STUDY PATIENTS..............................................................................................................................34 9.1 9.2

DISPOSITION OF PATIENTS ...........................................................................................................34 PROTOCOL DEVIATIONS ...............................................................................................................35

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EFFICACY EVALUATION ...........................................................................................................36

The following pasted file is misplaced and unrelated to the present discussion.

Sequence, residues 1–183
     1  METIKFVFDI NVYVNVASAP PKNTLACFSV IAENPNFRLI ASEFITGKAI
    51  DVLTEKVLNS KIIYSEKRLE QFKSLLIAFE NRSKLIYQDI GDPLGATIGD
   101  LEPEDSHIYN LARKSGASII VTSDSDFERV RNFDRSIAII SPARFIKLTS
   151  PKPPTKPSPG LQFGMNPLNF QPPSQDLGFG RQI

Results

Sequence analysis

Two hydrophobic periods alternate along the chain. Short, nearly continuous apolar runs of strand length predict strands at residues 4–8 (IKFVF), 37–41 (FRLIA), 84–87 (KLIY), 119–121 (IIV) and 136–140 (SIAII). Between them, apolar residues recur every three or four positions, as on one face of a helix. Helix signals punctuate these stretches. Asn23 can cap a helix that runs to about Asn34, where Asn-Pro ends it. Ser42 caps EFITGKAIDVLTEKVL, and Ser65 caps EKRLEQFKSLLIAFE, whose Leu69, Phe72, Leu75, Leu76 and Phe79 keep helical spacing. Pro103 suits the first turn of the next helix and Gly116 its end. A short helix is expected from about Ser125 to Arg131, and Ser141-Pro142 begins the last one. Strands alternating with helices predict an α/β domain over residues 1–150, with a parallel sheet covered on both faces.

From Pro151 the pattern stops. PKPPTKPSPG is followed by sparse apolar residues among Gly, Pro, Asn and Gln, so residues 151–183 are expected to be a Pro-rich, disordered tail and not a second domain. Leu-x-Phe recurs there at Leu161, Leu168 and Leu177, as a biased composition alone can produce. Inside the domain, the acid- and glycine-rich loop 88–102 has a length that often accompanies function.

10.1 DATA SETS ANALYZED .................................................................................................................36 10.2 DEMOGRAPHIC AND OTHER BASELINE CHARACTERISTICS .......................................................37 10.3 MEASUREMENT OF TREATMENT COMPLIANCE ..........................................................................37 10.4 ANALYSIS OF EFFICACY (PP POPULATION) .................................................................................38 10.4.1 Mean change in the ejaculate volume from Baseline to EoT (PP population) .....................38 10.4.2 Number of patients showing a 20% increase in the ejaculate volume from Baseline to EoT in the PP population ...............................................................................................................................39 10.4.3 Mean change in sperm count, sperm motility and sperm morphology from Baseline to EoT (PP population) ......................................................................................................................................40 10.4.4 Mean change in IIEF-Total and Erectile Function subscale scores from Baseline to EoT (PP population) ......................................................................................................................................43 10.4.5 Change in the grade of orgasm intensity (PP population)..................................................46 10.4.6 Investigators’ global assessment ..........................................................................................47 10.4.7 Patients’ global efficacy assessment ....................................................................................48 10.4.8 Statistical/analytical issues ..................................................................................................50 10.4.8.1 10.4.8.2